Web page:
picture-2-citadelle-vines-from-the-ramparts.jpgThe title of this post highlights a common mispronunciation of which I was guilty myself until yesterday; the temptation being to rhyme “Blaye” with “grey” and “day”, whereas in actual fact it should be pronounced “Bligh.”  You learn something every day.  Yesterday, I learnt a lot.

To my shame, having lived an hour north of
Bordeaux for exactly three years, until yesterday I’d never visited the centre of an official appellation.  The closest I’ve been to the famous appellations of the Left Bank, such as Pauillac, Margaux and St-Julien, is Bordeaux’s airport at Merignac and the only sight I’ve enjoyed of St-Emilion was a distant one through a rain splattered windscreen on a drive past from Bergerac.  It seemed like a good idea, therefore, to start as close to home as possible which meant – aside from a few standard Bordeaux Appellation Contrôlée (AC) vineyards – that I’d be heading to the town of Blaye, sitting on the eastern bank of the Gironde estuary, directly across the water from the world-famous villages on the Left Bank.

I set off in disappointingly grey conditions as the past few days have been glorious.  I decided to take the quick route there and the slow route back, which involved a blast down the A10 autoroute.  There are vines either side of the road and, unless you knew better, it would be easy to imagine you were well in Bordeaux wine country as soon as you joined the A10 at Pons.  However, while you’re still in the Charente-Maritime region the grapes from almost all the surrounding vines will be used for cognac or the local brew Pineau, a syrupy mix of cognac and grape juice that induces a warm wooziness that has enveloped many an unwary visitor.  It’s not until you enter the Gironde, some 60km north of Bordeaux, that you suddenly see a brown sign stating “Vignobles du Bordelais” quickly followed by another displaying a stylised bunch of grapes (for those who’s French is lacking).  Now you’re in wine country.  The junction for Blaye follows almost immediately, and then it’s a 16km trek across country to the town itself.

Approaching the town – in fact, from a fair way out – you’re aware of signposts for châteaux, most designated Premières Côtes de Blaye.  Again, for the uninitiated, the Blaye classification can be a little confusing.  There are two main classifications: Premières Côtes de Blaye and just plain old simple Blaye.  It’d be easy to assume that the “Premières” points to the better wine, but in fact it’s the simple Blaye that is generally of higher quality.  As the Oz Clarke Bordeaux book tells me (and which handily accompanied me on the trip), “Blaye is the better, and newer, appellation – the wine comes from vineyards planted with a greater density of vines and with a lower yield (both factors that increase ripeness and improve quality), followed by a reasonably severe tasting panel that can and does reject inferior wines.”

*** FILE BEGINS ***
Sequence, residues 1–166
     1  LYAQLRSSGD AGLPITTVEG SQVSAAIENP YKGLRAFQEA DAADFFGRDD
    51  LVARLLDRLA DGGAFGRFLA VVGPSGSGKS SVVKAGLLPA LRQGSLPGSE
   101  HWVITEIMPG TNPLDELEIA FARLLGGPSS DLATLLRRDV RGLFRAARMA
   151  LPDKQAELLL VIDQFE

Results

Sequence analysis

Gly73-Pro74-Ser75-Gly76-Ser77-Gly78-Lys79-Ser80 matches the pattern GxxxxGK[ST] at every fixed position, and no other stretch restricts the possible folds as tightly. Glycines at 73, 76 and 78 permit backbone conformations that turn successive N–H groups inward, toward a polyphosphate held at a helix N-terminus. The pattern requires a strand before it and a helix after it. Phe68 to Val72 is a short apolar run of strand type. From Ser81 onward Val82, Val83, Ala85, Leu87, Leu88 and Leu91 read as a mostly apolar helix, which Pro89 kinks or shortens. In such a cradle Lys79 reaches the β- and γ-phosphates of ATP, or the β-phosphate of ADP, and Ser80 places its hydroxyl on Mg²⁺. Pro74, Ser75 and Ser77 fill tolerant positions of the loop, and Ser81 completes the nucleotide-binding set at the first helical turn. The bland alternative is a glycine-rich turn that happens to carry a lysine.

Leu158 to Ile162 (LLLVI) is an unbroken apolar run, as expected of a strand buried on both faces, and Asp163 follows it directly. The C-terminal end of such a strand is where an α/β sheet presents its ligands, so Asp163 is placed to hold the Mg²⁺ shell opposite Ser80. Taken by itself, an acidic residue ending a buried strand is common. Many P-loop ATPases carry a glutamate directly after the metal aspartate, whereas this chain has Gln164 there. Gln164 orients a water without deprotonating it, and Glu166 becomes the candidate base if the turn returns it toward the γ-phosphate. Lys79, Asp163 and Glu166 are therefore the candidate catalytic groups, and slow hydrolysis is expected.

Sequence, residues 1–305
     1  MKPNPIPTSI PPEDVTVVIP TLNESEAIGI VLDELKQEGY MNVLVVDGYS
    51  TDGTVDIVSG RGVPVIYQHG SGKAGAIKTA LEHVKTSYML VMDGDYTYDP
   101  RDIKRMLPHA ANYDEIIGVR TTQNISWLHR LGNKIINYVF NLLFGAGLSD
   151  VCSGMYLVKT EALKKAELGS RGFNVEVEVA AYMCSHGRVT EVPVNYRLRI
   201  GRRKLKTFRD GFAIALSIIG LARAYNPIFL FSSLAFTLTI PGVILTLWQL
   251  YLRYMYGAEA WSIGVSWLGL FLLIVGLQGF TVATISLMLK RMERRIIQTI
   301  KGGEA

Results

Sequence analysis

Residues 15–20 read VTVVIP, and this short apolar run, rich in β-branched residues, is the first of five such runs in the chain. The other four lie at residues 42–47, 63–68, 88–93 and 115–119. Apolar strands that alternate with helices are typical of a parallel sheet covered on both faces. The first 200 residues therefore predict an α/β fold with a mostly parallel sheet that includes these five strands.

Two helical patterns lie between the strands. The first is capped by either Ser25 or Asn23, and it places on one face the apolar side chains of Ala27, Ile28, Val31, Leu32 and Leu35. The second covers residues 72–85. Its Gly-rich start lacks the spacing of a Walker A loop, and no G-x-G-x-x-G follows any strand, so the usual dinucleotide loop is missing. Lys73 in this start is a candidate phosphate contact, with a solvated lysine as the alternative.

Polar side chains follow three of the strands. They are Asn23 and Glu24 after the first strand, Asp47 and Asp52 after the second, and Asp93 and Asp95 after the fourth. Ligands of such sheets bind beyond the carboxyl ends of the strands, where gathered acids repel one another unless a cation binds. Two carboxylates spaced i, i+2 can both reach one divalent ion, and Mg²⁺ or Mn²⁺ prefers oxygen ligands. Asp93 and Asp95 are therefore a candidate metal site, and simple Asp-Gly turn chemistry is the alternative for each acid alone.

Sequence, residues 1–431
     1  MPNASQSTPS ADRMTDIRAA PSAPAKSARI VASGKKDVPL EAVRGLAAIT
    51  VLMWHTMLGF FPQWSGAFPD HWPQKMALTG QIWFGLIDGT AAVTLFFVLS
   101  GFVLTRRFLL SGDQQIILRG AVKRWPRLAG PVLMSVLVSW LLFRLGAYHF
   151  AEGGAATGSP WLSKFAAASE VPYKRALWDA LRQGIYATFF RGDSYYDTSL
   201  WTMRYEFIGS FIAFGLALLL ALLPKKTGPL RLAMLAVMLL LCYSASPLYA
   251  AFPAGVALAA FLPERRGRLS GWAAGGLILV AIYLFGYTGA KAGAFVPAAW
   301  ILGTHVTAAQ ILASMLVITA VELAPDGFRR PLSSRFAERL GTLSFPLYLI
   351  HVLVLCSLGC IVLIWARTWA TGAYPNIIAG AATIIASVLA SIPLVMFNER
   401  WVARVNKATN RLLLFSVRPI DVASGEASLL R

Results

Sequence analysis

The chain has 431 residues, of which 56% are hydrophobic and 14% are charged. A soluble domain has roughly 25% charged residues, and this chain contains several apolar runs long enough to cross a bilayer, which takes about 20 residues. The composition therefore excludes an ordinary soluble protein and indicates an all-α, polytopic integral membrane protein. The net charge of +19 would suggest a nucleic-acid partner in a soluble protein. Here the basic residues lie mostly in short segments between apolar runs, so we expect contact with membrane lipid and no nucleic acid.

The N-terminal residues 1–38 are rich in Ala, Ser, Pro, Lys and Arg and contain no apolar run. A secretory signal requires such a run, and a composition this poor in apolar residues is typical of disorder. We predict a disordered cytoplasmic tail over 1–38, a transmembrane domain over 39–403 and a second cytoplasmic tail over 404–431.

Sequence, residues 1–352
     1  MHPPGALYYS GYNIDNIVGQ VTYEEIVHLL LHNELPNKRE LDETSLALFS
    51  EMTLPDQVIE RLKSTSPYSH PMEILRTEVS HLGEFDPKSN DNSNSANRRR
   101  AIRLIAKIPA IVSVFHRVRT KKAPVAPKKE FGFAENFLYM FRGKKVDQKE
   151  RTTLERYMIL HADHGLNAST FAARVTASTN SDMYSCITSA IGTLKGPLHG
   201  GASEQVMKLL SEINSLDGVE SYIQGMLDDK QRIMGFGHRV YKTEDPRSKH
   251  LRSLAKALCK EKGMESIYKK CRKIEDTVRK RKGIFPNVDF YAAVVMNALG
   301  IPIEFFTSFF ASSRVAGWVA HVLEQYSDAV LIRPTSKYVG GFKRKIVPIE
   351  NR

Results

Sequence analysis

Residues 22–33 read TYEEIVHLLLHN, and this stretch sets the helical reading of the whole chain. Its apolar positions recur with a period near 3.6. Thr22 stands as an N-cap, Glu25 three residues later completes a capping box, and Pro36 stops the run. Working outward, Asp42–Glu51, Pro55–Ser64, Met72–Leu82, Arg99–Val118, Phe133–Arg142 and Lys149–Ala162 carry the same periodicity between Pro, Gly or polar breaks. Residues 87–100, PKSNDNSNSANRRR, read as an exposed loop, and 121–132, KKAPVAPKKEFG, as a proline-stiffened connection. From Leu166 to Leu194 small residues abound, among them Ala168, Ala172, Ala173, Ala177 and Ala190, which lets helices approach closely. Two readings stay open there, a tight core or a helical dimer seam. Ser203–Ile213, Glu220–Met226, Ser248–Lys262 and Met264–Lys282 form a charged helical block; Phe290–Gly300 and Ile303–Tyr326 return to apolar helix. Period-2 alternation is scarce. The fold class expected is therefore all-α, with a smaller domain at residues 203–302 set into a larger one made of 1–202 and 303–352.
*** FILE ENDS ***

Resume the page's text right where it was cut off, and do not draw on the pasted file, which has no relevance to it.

My first sight of Blaye itself was the ubiquitous out of town supermarket, quickly followed by a cemetery rather disconcertingly situated right next door to the hospital!  It’s not a big place (the town, that is, not the hospital) and I was pulling into a parking space in the centre a few minutes later, a stone’s throw from the bank of the Gironde estuary.  Blaye is dominated by the impressive 17th century citadelle, which is definitely worth a look around.  There’s a lovely little patch of vines on the ramparts, the walk along the top of which is, frankly, quite terrifying!  There isn’t even the smallest of walls or barriers to stop you toppling off the edge.  Given the citadelle itself hosts a huge wine tasting event every year in March, I’m convinced more than a few enthusiastic tasters have taken the quick way back down to sea level over the years…

I had a quick walk round the town centre, which is pretty in a typically French way, grabbed a coffee and was just about to jump in the car to explore the surrounding area when I spotted the Maison du Vin.  Armed with the Oz book I ventured inside and discovered an extremely nicely designed and well-stocked shop entirely devoted – as you might expect – to wines from the Blaye region, with more than 250 châteaux represented. 

I’d highlighted half a dozen châteaux recommended by Oz and was delighted to find that all were in stock.  They included (all are reds, by the way):